March 6, 2016

The Invention of Wings by Sue Monk Kidd

I am sort of dreading this review because nothing I am capable of writing is worthy of this book. The back flap describes it as “exquisitely written,” and it is that and so much more. I haven’t been able to stop thinking about it since finishing it last week, and I’ve been walking around asking people if they’ve read it, desperate to gush.

(Note to self: when Sue Monk Kidd, who also wrote The Secret Life of Bees, a book I’ve universally recommended to people for 13 years now, publishes a book, it goes automatically to the top of the queue; no more waiting two years out when active discussion has died down.)

In the Invention of Wings, on her 11th birthday, Sarah Grimke, the daughter of early-nineteenth-century Charleston aristocrats, is given ownership of 10 year old Hetty, “Handful,” the slave daughter of the Grimke’s seamstress. The book is narrated alternately between Handful, who suffers the hardship and sorrow of slavery, and Sarah, who is internally tortured by both the abomination of slavery and the oppression of women. Over 35 years, the lives of Sarah and Handful are intertwined in a rich, complex story of love and friendship, guilt and defiance, fortitude and despair, and the escalating stakes of injustice and discrimination.

The book is not only exquisite, it is excruciating. A certain sick, terrified darkness comes over me whenever I read anything about slavery, as it should. I can’t stop from hurrying past scenes of abuse or torture, or skipping them altogether, but I will never be able to un-see the “one legged punishment” once doled out to Handful’s mother, Charlotte, in which a belt was tied between her bent leg and her neck, choking her if she straightened her leg. Nor was the more “subtle” suffering throughout the book any easier to bear. All I can say is that in the hands of Sue Monk Kidd, it is somehow worth it.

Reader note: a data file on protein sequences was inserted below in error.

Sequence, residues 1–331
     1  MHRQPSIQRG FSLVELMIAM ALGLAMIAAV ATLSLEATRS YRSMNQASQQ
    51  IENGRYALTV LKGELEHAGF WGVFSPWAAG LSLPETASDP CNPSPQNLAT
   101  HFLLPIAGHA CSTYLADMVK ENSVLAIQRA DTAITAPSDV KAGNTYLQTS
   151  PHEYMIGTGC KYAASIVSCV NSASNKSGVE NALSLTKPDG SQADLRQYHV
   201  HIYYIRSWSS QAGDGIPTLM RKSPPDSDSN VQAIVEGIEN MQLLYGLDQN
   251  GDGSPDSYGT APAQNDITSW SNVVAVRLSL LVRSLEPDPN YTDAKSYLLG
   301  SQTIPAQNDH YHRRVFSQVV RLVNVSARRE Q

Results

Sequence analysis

Though I can’t believe it took me two years to pull The Invention of Wings off the shelf, the timing of books is an ever-funny thing. The presidential campaign is in full, painful throttle, and Donald Trump is all over the place spewing his narcissistic, hateful lunacy, and people are supporting him. I have largely kept to my policy of not discussing politics outside a small circle of like-minded friends while becoming increasingly astounded. What the ever mother FUCK is going on?!

After reading The Invention of Wings, I’m done being silent. This is not just politics, and it’s not just the embarrassing circus show it looks like. It’s racism and misogyny, which everyone pretty much knows by now, I would think. It’s the insidious moral rationalization of injustice and discrimination. “We take good care of our slaves.” “The fairer sex need not worry themselves with such matters as education or voting.” Enough people stayed silent.

“I’ll Make America Great Again…” Oh, hell no.

Sarah Grimke did not stay silent. As a child she was so traumatized watching a slave be whipped, she developed a stutter that stayed with her intermittently her entire life. When her father banished her from books, she was nearly catatonic for weeks. Still, she found a way to speak for abolition, to fight for the equality of the sexes. In doing so, she faced ostracism, threats, and loneliness, and risked arrest and punishment. This is not fiction; these are the historical facts around which Sue Monk Kidd weaved her breathtaking story.

I am an educated, voting woman with access to birth control and the right to have an abortion, and I have black friends and colleagues. I risk essentially nothing by speaking out against Trump, other than pissing off ignorant people who have somehow become convinced that this obnoxious, bullying egomaniac “will get this country turned around all right!”

Am I going to change their minds about anything? No, no more than they will ever change mine. But I am not going to thank Sarah Grimke or disrespect myself or my children by staying silent about a white male who aligns himself with the KKK (the KKK for fuck’s sake, people! The three lettered cousin of a swastika!) and refers to women as everything from “pigs” and “bimbos,” to “disgusting” for pumping breast milk, to a political opponent being “unable to satisfy as a leader when she couldn’t even satisfy her husband.”

No, I am going to speak my fair self hoarse all the way to the voting booth, where my last presidential vote for a black man will be followed by a vote for a Jewish one or a woman. I should have been speaking my truth all along, but The Invention of Wings is my wake up call. This is what great books can do.

LP